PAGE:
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I've noticed that when you open a program, close it, then open it again, it seems to open a lot quicker the second time around.

Is this because the second time it's already in RAM?

Put another way, I assume once a program closes, it's memory space gets marked as unused. If that program is opened again before it's old memory space gets used, does it have to reload the program in its entirety from disk?

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This is the difference between free and inactive memory. Both are sail able as needed, but the latter already contains data that can be reused. –  Daniel Beck Jan 28 '12 at 4:47
You're going to get vague and woolly answers because you've asked a vague and woolly question. The answer to this question is operating-system-dependent, but you haven't specified an operating system. The behaviour on an old Unix with "sticky text" programs is different to the behaviour on Windows NT, which is different to the behaviour on Linux, which is different to the behaviours on BSDs and MacOS, which is different to the behaviour on Solaris — because their caching and memory management architectures are all subtly, or even grossly, different from one another. –  JdeBP Jan 28 '12 at 11:39
@JdeBP Fair point. I guess I was looking for the OS 101 answer, or at least some ideas that I hadn't considered, like the disk caching mentioned below. –  Dean Jan 28 '12 at 19:22

2 Answers 2

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In general, when an application closes/ends the storage it occupied is instantly released, and if you restart the application it will be loaded from disk afresh, into "new" storage.

The biggest exception to this would be on some "smart phones", where sometimes when you "end" an application it's not really ended immediately but is simply "backgrounded" for a period of time on the assumption that you may restart it in the near future. But if you don't use the application for a period of time it's eventually ended by the OS and the storage reclaimed. (So far as I know this scheme is not used on regular Microsoft or Apple computers, only phones.)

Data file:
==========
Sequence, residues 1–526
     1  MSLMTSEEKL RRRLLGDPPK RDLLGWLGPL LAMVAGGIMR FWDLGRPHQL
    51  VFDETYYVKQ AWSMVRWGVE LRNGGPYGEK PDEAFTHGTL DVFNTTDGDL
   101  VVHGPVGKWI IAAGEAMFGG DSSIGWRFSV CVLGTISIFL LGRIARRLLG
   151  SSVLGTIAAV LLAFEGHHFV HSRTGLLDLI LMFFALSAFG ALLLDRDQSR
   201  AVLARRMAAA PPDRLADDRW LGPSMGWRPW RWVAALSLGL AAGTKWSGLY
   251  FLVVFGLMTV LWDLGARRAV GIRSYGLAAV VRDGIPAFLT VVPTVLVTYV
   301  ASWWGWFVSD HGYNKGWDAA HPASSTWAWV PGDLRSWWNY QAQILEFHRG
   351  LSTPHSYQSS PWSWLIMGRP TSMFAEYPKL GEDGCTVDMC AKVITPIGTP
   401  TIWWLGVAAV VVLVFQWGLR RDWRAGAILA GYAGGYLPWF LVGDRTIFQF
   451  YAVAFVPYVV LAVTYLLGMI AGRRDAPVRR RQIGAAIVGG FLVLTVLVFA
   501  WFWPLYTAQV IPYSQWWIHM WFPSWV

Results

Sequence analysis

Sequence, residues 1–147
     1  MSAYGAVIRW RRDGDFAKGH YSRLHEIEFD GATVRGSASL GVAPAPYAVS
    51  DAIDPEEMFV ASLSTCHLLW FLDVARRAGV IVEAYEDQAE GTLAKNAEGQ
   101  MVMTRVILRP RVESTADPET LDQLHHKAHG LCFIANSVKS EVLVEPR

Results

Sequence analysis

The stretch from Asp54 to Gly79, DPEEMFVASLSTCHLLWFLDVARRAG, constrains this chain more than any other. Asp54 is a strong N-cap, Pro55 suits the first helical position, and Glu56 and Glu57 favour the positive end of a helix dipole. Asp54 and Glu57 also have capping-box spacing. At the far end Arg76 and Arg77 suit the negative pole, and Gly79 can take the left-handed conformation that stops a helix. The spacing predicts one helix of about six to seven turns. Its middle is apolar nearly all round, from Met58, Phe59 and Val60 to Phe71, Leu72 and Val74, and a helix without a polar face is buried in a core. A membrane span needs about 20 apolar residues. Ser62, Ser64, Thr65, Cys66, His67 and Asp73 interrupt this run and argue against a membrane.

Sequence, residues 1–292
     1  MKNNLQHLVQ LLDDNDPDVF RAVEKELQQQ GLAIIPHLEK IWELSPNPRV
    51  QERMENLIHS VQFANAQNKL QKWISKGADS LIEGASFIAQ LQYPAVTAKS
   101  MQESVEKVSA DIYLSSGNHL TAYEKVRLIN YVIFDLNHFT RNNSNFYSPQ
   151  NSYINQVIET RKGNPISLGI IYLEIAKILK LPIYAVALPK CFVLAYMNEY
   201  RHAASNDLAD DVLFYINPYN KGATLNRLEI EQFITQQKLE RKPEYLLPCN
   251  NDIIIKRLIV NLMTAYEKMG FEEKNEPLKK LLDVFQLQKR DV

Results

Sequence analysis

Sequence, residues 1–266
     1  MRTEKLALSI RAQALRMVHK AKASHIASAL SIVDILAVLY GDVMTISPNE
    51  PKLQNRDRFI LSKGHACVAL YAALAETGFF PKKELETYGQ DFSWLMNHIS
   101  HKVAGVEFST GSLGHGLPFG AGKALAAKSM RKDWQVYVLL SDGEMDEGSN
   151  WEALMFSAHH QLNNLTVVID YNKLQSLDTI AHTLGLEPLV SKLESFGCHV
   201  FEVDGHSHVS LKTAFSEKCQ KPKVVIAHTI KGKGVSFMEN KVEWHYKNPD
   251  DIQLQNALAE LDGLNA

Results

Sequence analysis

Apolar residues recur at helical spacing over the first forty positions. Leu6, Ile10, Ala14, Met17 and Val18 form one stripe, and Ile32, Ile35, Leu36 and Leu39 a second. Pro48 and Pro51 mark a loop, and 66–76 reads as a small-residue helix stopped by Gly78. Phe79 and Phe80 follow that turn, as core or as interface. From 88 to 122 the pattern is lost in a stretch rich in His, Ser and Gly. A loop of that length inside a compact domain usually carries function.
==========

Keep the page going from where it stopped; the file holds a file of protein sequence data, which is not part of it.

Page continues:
Another exception, a bit more technical, is that even though the program is ended and its storage released, the disk image of the program (or at least parts of it) may still exist in disk "cache", and may be more easily accessed a second time than the first time. This may be the cause for what you perceive as a more rapid startup the second time.

There is another, simpler reason for that faster startup, though. When you end an application and then immediately restart it there is this convenient "hole" in storage that exactly fits your program. If you start it later, after running other things, the OS has to muck around finding available storage, and this often means that it must "page out" other data in RAM, a time-consuming process.

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"In general, when an application closes/ends the storage it occupied is instantly released, and if you restart the application it will be loaded from disk afresh, into "new" storage." This is untrue for any modern system that uses memory mapping to lazily load binaries. –  billc.cn Jan 28 '12 at 5:17
That would be basically the "caching" of the disk data. But note that the actual loading of the program text is a small part of preparing a program for execution. Linking it to the RTE and preparing the data areas is the bigger part. –  Daniel R Hicks Jan 28 '12 at 12:50
(But you're right -- I had forgotten about that specific feature.) –  Daniel R Hicks Jan 28 '12 at 13:00
@DanH What you're saying is completely false for any modern operating system. And it's obviously a dumb way to do things. When a program loads, you would have two copies of the program, one running and one sitting in the disk cache -- a completely pointless waste of memory. On modern operating systems, there is no separate disk cache, most of physical memory is a page cache. –  David Schwartz Jan 28 '12 at 22:32
Just for grins, I opened Firefox, without doing anything other than letting it go to its home page (Google). firefox.exe is 925K, but it's virtual size is 269,000K, and it's working set is 84,000K. So the actual program text is a very small part of the overall storage requirement. Similarly for Solataire: exe -- 859K, virtual size 183,000K, working set 47,000K. –  Daniel R Hicks Jan 29 '12 at 3:17

It's no more used or unused when the program is open than when the program is closed. Memory is used if it contains useful information. It contains useful information both while the program is running and when the program is no longer running.

In fact, most operating systems don't even consider whether the program is running at all. Why keep something in memory if it's not being accessed just because a program is running? And why discard something from memory just because no program running at that instant is using it?

Operating systems go by access to data. Of course, memory that holds data that can never be accessed is considered free.

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